Who needs a regular pint when you can have a dead chicken, fresh puke or someone else’s crap?
If you haven’t been in a self-induced social media blackout for the last few weeks you may well have noticed a few videos popping up on your Facebook homepage. The binge-drinking craze that goes by the name #Neknomination has been saturating social media recently with its footage of people downing large amounts alcohol, often laced with suspicious looking items, of which we’ll talk more later.
The craze, which is said to have started in the UK but has grown increasingly popular in Australia, has spread like wildfire over the past couple of weeks, with Facebook helping to fan the flames of its popularity. It has lead to people of all ages posting videos of themselves knocking back a drink of their choosing – although it’s often a mix of potent spirits rather than orange juice – dressed in peculiar clothing and in increasingly strange surroundings.
What the fuck? I hear you spluttering into your smartphone. People are posting videos of themselves downing rank drinks, and this shit is spreading? Yep, you got it. It’s not only spreading, but essentially taking over social media like some sort of out of control, mutating zombie-disease, forcing people to do things that they had every intention of making sure they never did. And the ‘challenge’ is not just getting taken up by bored students and kids looking for kicks, but fully grown men who should know better.
What are the rules then? Well It’s all pretty simple really. You will be sitting around in your underpants, when you receive a notification. Mostly via Facebook, this will come from a friend who has just downed an indeterminate drink, a video clip that you will watch with a mixture of mockery and dread. At the end, said friend will then nominate a couple of people to film themselves doing the same before they nominate another two and so on and so forth. Before you know it you are joining the ranks of hundreds of thousands of others who are outdoing each other to down drinks in increasingly weird and dangerous ways.
So what’s wrong with it then? Well, only yesterday Facebook rejected calls to ban pages and videos linked to the neknomination craze after the death of a teenager in Ireland who had allegedly been playing it. Jonny Byrne, 19, from Co Carlow in Ireland died after jumping into a river on Saturday in the middle of his nomination. This tragedy followed the death of 22-year-old Dublin DJ Ross Cummins, whose death has also been linked to the online craze.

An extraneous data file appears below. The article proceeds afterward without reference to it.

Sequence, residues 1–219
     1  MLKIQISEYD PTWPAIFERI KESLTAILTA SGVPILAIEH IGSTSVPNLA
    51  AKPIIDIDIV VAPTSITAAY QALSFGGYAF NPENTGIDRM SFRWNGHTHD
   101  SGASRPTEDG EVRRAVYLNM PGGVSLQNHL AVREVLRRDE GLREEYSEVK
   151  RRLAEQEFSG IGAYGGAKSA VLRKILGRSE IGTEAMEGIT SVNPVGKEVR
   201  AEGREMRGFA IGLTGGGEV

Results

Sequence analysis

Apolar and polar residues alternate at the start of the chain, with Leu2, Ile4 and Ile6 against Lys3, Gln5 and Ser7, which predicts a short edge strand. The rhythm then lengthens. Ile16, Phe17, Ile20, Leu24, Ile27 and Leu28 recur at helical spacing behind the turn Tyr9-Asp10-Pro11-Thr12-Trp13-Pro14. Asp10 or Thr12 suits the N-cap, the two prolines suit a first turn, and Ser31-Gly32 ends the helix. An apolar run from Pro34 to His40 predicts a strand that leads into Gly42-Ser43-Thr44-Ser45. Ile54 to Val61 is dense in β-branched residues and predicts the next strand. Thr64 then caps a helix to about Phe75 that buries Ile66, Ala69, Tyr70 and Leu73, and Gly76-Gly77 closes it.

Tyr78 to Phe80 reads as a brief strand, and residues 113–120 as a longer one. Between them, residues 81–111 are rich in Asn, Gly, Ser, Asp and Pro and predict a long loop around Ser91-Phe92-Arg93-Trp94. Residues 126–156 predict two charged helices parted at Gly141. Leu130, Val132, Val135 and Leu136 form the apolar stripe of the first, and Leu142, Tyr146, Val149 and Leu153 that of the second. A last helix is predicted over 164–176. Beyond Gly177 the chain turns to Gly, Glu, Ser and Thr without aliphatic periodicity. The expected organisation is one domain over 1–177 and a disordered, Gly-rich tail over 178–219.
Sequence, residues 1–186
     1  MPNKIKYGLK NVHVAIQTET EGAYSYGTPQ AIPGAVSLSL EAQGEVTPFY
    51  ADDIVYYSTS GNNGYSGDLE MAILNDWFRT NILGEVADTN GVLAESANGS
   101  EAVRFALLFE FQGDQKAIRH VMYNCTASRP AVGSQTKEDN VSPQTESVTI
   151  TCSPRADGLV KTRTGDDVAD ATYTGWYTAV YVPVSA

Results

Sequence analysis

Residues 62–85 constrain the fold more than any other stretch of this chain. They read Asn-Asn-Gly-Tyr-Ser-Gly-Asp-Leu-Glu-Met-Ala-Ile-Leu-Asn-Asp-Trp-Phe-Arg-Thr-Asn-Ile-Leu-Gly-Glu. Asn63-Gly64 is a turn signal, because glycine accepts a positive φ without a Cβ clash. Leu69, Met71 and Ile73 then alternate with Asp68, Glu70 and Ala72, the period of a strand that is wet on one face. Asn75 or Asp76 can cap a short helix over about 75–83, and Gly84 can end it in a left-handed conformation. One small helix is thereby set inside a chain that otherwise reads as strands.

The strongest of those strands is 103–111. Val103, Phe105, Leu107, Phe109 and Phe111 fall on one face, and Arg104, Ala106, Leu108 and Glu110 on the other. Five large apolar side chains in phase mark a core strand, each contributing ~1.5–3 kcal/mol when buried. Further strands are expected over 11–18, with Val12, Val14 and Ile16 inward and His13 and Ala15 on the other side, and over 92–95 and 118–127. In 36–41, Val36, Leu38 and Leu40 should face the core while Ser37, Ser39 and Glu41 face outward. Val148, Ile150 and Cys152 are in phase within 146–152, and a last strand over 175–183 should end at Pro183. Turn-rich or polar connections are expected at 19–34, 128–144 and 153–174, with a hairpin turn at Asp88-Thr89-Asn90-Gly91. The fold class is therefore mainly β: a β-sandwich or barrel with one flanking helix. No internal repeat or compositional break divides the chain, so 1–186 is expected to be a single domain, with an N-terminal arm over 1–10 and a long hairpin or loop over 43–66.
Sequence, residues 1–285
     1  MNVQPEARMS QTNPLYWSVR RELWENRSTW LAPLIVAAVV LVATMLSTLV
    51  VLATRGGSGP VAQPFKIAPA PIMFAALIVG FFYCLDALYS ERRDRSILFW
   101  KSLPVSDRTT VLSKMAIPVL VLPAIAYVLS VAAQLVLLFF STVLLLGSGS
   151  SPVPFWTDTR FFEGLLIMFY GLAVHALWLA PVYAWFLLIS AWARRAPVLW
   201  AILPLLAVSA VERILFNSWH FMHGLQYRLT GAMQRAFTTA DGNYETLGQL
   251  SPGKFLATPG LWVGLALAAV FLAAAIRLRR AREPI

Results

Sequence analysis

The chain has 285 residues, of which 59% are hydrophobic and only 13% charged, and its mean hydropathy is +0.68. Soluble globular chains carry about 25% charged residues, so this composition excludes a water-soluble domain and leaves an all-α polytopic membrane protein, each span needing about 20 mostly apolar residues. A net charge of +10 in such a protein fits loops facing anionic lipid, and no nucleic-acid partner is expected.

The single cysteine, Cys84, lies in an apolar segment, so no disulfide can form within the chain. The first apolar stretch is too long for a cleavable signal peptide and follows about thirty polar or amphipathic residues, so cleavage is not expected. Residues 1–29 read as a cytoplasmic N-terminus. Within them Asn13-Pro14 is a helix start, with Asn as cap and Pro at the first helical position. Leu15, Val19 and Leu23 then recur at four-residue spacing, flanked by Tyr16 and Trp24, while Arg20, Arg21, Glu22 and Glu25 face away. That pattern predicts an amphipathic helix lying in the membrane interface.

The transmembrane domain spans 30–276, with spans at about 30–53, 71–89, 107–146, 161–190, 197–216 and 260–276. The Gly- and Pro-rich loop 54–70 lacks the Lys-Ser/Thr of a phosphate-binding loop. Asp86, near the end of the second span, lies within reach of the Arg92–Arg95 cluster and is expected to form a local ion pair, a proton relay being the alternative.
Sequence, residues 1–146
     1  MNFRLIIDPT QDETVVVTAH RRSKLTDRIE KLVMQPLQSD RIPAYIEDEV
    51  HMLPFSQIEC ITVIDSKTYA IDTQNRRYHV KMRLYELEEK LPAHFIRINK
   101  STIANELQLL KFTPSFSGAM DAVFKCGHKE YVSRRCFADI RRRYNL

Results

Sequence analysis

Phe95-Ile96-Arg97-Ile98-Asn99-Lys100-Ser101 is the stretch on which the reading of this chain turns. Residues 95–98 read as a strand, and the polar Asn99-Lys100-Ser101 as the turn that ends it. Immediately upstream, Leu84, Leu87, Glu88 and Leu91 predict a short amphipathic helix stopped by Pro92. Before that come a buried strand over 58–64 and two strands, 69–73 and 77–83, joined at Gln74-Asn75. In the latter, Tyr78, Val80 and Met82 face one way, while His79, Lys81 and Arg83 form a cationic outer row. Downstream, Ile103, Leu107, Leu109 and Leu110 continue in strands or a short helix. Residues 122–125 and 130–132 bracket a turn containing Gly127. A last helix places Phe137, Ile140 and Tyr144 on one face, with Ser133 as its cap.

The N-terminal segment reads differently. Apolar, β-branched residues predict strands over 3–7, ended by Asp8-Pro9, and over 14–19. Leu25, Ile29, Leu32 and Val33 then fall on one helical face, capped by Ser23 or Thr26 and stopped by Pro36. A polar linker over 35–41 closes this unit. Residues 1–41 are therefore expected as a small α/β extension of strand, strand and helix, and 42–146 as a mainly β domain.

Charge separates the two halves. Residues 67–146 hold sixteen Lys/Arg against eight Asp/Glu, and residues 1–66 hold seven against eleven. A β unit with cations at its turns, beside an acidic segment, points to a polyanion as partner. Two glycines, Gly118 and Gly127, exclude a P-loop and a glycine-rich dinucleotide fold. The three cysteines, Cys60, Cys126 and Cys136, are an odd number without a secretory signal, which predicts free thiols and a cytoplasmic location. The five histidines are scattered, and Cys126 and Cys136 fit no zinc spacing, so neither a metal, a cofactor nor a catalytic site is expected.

It is almost a much larger version of the dares you used to play with your mates where your mum used look naffed off and say something like, ‘it will take someone to get hurt or killed for it to stop’. But hey, this is the thing. It is stupid. And wrong. And people have obviously died as a result of it but then people have been dying from alcohol consumption for as long as there has been booze around so this is nothing new. What is new is the added dimension of social media, with the only motivating factor being the pressure to conform, to do something more shocking than the next. As a college tutor I stare in disbelief at my students participating in the videos, lining up mixes of drinks that would make Oliver Reed and Keith Richards double take in astonishment.
It is the drinks that have now become a much more dangerous combination of intoxicants, with reports that it has even moved beyond alcohol to include substances even more hazardous to health. In some videos it is no longer the size or the potency of alcohol which provides the shock factor. In one video, a man in a pub is nominated by his mate who bets that he wouldn’t down a pint that had been shit in by his friend. The man then takes a trip to the mens toilet where he is handed a pint with a large piece of his mates fresh turd floating inside.
Although people are quick to blame the internet it cannot be the only reason why a craze with such dangerous consequences has spread so quickly. Young people publicise their whole lives online but it doesn’t mean the internet is ‘responsible’ for this.
As a fad it will die out as quickly as it came but what does it tell us about society? The fact that so many different people are getting involved, conforming to pressure and taking part in what is essentially a celebration of binge-drinking, is problematic. However, although some might feel they are pressurised into it, the majority are in fact keen, enthusiastic and willing to top previous nominations, which has led to people downing pints of sick, blended mice and the aforementioned chocolate log. And to think, the government is blaming society’s problems on sugar…